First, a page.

We have seen how the world of nanotechnology has delivered the likes of electronic skin and electronic eye implants? How about the likes of electronic whiskers? This is definitely new, where researchers from Berkeley Lab and the University of California (UC) Berkeley have managed to come up with tactile sensors from composite films of carbon nanotubes and silver nanoparticles which are not too different from the highly sensitive whiskers of cats and rats. These are a new breed of e-whiskers which respond to pressure as little as a single Pascal, which is roughly similar to pressure exerted on a table surface by a dollar bill.
What is the whole point of electronic whiskers? Surely we will not see existing animals getting such implants in the near future? Well, there has been robots in the past that resembled animals, so how about outfitting them with such whiskers? There are plenty of potential applications that one can think of, including offering robots new abilities to “see” and “feel” their surrounding environment.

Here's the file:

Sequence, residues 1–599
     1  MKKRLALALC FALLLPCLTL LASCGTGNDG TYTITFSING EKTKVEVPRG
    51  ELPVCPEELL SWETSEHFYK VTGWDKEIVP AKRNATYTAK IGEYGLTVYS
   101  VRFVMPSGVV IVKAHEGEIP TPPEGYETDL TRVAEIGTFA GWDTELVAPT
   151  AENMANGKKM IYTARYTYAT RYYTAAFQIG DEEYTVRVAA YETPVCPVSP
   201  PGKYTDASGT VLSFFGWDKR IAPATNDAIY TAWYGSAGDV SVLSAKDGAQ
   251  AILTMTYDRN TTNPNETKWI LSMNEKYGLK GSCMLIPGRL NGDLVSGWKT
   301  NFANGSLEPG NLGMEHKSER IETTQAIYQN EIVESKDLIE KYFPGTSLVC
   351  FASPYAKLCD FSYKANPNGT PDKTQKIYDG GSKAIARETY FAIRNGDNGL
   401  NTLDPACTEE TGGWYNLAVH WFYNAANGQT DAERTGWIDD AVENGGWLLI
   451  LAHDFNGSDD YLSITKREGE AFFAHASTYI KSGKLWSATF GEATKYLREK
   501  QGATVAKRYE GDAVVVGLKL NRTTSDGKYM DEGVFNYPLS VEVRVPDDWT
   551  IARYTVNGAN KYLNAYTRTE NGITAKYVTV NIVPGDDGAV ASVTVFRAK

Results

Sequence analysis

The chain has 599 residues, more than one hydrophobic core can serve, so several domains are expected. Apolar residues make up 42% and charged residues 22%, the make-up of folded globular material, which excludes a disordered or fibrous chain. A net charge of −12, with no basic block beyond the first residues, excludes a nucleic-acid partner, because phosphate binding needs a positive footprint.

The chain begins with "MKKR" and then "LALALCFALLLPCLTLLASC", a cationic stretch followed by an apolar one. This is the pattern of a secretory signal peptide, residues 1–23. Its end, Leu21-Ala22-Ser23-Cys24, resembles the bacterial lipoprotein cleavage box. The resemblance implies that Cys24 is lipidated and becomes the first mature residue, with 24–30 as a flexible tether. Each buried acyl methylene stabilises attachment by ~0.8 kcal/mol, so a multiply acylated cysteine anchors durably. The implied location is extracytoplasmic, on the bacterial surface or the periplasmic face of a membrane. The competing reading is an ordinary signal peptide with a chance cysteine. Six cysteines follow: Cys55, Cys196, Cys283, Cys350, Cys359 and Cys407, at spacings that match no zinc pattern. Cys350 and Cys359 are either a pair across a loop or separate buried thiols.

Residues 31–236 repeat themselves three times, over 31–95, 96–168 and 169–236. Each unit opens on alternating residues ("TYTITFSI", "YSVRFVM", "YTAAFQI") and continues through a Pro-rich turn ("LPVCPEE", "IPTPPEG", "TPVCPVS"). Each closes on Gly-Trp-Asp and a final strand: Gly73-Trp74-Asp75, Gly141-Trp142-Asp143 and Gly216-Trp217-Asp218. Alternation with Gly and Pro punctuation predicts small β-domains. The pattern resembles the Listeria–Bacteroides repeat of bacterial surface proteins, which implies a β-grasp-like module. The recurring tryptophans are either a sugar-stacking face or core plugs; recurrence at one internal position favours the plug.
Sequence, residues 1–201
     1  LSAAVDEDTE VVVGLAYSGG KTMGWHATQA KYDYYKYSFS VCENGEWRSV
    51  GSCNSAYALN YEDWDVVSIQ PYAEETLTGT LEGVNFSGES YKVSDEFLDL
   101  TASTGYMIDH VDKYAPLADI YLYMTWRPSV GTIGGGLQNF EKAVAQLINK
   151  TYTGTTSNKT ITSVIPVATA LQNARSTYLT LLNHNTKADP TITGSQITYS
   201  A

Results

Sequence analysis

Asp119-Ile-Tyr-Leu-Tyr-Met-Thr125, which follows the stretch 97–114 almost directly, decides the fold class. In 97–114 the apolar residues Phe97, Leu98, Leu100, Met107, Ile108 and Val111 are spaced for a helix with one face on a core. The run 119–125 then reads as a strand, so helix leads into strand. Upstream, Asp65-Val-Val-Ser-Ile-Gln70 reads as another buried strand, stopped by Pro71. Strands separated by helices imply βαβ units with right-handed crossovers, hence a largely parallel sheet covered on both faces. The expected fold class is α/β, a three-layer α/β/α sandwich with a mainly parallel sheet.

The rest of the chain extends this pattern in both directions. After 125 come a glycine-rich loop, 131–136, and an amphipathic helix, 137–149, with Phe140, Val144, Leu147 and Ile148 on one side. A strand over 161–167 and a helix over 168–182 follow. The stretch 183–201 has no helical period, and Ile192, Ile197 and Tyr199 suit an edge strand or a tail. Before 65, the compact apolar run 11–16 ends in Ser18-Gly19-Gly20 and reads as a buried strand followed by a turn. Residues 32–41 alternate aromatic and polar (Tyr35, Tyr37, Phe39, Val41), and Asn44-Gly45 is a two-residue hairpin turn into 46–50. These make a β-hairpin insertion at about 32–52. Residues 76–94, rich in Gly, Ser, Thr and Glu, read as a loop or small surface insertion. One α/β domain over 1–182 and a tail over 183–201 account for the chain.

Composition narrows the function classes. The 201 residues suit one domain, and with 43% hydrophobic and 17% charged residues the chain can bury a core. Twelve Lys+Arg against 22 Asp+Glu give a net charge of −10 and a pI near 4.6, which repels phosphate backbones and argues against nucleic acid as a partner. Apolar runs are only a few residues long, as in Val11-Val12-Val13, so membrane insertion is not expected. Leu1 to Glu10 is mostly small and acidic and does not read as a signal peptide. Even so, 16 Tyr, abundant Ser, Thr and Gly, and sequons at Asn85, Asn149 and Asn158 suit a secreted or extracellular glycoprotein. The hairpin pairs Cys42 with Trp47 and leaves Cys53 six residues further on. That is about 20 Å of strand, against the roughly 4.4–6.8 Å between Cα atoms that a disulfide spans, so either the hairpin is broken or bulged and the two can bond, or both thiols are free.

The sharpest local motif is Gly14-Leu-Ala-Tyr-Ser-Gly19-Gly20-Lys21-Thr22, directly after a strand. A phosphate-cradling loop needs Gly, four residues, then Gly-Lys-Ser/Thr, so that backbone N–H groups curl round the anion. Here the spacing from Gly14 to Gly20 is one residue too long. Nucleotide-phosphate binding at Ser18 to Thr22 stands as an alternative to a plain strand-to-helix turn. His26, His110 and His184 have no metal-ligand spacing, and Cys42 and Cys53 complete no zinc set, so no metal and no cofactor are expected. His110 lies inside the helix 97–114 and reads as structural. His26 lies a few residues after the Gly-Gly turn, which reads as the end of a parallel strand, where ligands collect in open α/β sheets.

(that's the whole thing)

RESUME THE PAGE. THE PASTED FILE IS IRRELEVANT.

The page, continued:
Ali Javey, the leader of this research project who is also a faculty scientist in Berkeley Lab’s Materials Sciences Division and a UC Berkeley professor of electrical engineering and computer science, shared, “Whiskers are hair-like tactile sensors used by certain mammals and insects to monitor wind and navigate around obstacles in tight spaces. Our electronic whiskers consist of high-aspect-ratio elastic fibers coated with conductive composite films of nanotubes and nanoparticles. In tests, these whiskers were 10 times more sensitive to pressure than all previously reported capacitive or resistive pressure sensors.” [Press Release]
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